Regional transmission organizations (RTOs) and independent system operators (ISOs) are key parts of the U.S. electricity system. Although RTOs and ISOs operate wholesale electricity markets that serve about two-thirds of U.S. electricity customers, there is very little research comparing how these institutions work, what influence stakeholder groups have on their behavior, or which aspects of these institutions might be portable to similar organizations. This grant funds a collaborative project, co-led by Kate Konschnik, who directs the Climate and Energy program at Duke University and associate professor Seth Blumsack of Pennsylvania State University, to undertake a set of studies to explore these and related questions associated with the governance, structure, and operation of RTOs and ISOs. Konschnik and Blumsack have assembled a multidisciplinary group of researchers from economics, law, public policy, energy systems operations, and engineering to contribute to this effort. The project will produce approximately 10 academic research articles across multiple fields, in addition to associated policy briefs or white papers for broad dissemination to a wide range of stakeholders. Grant funding will cover graduate student participation, direct support for research expenses, and bringing participating scholars together to ensure project coordination.

    To establish a multidisciplinary research collaboration studying the role of regional transmission organizations and independent systems operators in electricity markets

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  • grantee: New York University
    amount: $249,905
    city: New York, NY
    year: 2019

    To study the role of information asymmetry among stakeholders in distribution system planning and the implementation of distributed energy resources

    • Program Research
    • Sub-program Energy and Environment
    • Investigator Yury Dvorkin

    To study the role of information asymmetry among stakeholders in distribution system planning and the implementation of distributed energy resources

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  • grantee: Carnegie Mellon University
    amount: $45,000
    city: Pittsburgh, PA
    year: 2019

    To organize a workshop that will assess the prospects for forming a national consortium of university energy institutes and research centers

    • Program Research
    • Sub-program Energy and Environment
    • Investigator Jay Whitacre

    To organize a workshop that will assess the prospects for forming a national consortium of university energy institutes and research centers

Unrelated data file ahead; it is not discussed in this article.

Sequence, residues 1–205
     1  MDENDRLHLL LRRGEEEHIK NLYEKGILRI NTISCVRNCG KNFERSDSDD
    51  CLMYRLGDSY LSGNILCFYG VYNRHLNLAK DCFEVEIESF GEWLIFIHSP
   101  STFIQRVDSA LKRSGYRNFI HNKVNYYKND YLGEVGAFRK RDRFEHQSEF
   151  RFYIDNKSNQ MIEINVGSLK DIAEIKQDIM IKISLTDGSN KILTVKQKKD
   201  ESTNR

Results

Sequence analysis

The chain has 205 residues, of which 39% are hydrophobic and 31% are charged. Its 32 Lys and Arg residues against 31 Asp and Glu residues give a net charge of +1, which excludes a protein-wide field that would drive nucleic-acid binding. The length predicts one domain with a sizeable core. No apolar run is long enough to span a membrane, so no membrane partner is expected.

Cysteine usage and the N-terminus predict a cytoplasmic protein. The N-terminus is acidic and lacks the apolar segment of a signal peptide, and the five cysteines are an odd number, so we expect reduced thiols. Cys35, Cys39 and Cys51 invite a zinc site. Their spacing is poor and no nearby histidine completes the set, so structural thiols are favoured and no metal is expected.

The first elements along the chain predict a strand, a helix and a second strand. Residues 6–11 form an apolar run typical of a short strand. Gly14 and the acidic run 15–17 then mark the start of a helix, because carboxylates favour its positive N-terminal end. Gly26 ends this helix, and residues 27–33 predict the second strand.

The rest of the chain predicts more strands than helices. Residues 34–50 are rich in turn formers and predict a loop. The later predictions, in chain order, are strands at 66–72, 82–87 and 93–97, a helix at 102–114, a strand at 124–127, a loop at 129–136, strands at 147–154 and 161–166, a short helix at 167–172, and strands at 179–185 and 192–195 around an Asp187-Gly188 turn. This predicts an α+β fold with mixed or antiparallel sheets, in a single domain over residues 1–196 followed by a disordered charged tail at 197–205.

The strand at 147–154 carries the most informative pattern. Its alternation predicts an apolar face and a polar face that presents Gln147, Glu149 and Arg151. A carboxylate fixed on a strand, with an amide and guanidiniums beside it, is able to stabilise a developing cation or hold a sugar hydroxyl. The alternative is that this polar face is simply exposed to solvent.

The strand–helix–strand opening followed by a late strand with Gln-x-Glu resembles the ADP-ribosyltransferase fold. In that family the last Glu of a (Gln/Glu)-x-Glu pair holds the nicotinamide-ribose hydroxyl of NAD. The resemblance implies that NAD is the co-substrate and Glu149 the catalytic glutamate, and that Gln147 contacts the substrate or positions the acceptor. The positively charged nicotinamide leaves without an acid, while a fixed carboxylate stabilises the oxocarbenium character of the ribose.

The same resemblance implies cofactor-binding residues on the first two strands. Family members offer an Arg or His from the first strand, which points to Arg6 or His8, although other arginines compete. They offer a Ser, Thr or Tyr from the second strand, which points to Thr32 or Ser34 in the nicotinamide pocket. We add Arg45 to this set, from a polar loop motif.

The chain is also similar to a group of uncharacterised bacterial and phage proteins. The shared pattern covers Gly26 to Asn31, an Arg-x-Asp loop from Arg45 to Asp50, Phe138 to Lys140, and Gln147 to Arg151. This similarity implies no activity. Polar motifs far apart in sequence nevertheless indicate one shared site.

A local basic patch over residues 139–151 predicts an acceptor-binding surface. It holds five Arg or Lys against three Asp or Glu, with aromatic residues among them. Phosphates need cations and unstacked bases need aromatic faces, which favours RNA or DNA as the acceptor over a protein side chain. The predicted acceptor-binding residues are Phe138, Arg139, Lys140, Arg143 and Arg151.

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  • grantee: Center for Strategic and International Studies
    amount: $50,000
    city: Washington, DC
    year: 2019

    To support two annual Energy Futures Forums in identifying and evaluating key energy economics, policy, and technology trends

    • Program Research
    • Sub-program Energy and Environment
    • Investigator Sarah Ladislaw

    To support two annual Energy Futures Forums in identifying and evaluating key energy economics, policy, and technology trends

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  • grantee: University of Oregon
    amount: $44,760
    city: Eugene, OR
    year: 2019

    To analyze data from a randomized field experiment to evaluate how dynamic pricing programs interact and impact household electricity consumption

    • Program Research
    • Sub-program Energy and Environment
    • Investigator Grant Jacobsen

    To analyze data from a randomized field experiment to evaluate how dynamic pricing programs interact and impact household electricity consumption

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  • grantee: United States Association for Energy Economics
    amount: $15,000
    city: Cleveland, OH
    year: 2019

    To support the Ph.D. Day event and Women in Energy roundtable at the 2019 USAEE North American conference in Denver, CO

    • Program Research
    • Sub-program Energy and Environment
    • Investigator Eric Hittinger

    To support the Ph.D. Day event and Women in Energy roundtable at the 2019 USAEE North American conference in Denver, CO

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  • grantee: University of California, Berkeley
    amount: $50,000
    city: Berkeley, CA
    year: 2019

    To support two annual Energy Camp workshops to facilitate collaboration and initiate new research projects among top junior and senior energy economists

    • Program Research
    • Sub-program Energy and Environment
    • Investigator Lucas Davis

    To support two annual Energy Camp workshops to facilitate collaboration and initiate new research projects among top junior and senior energy economists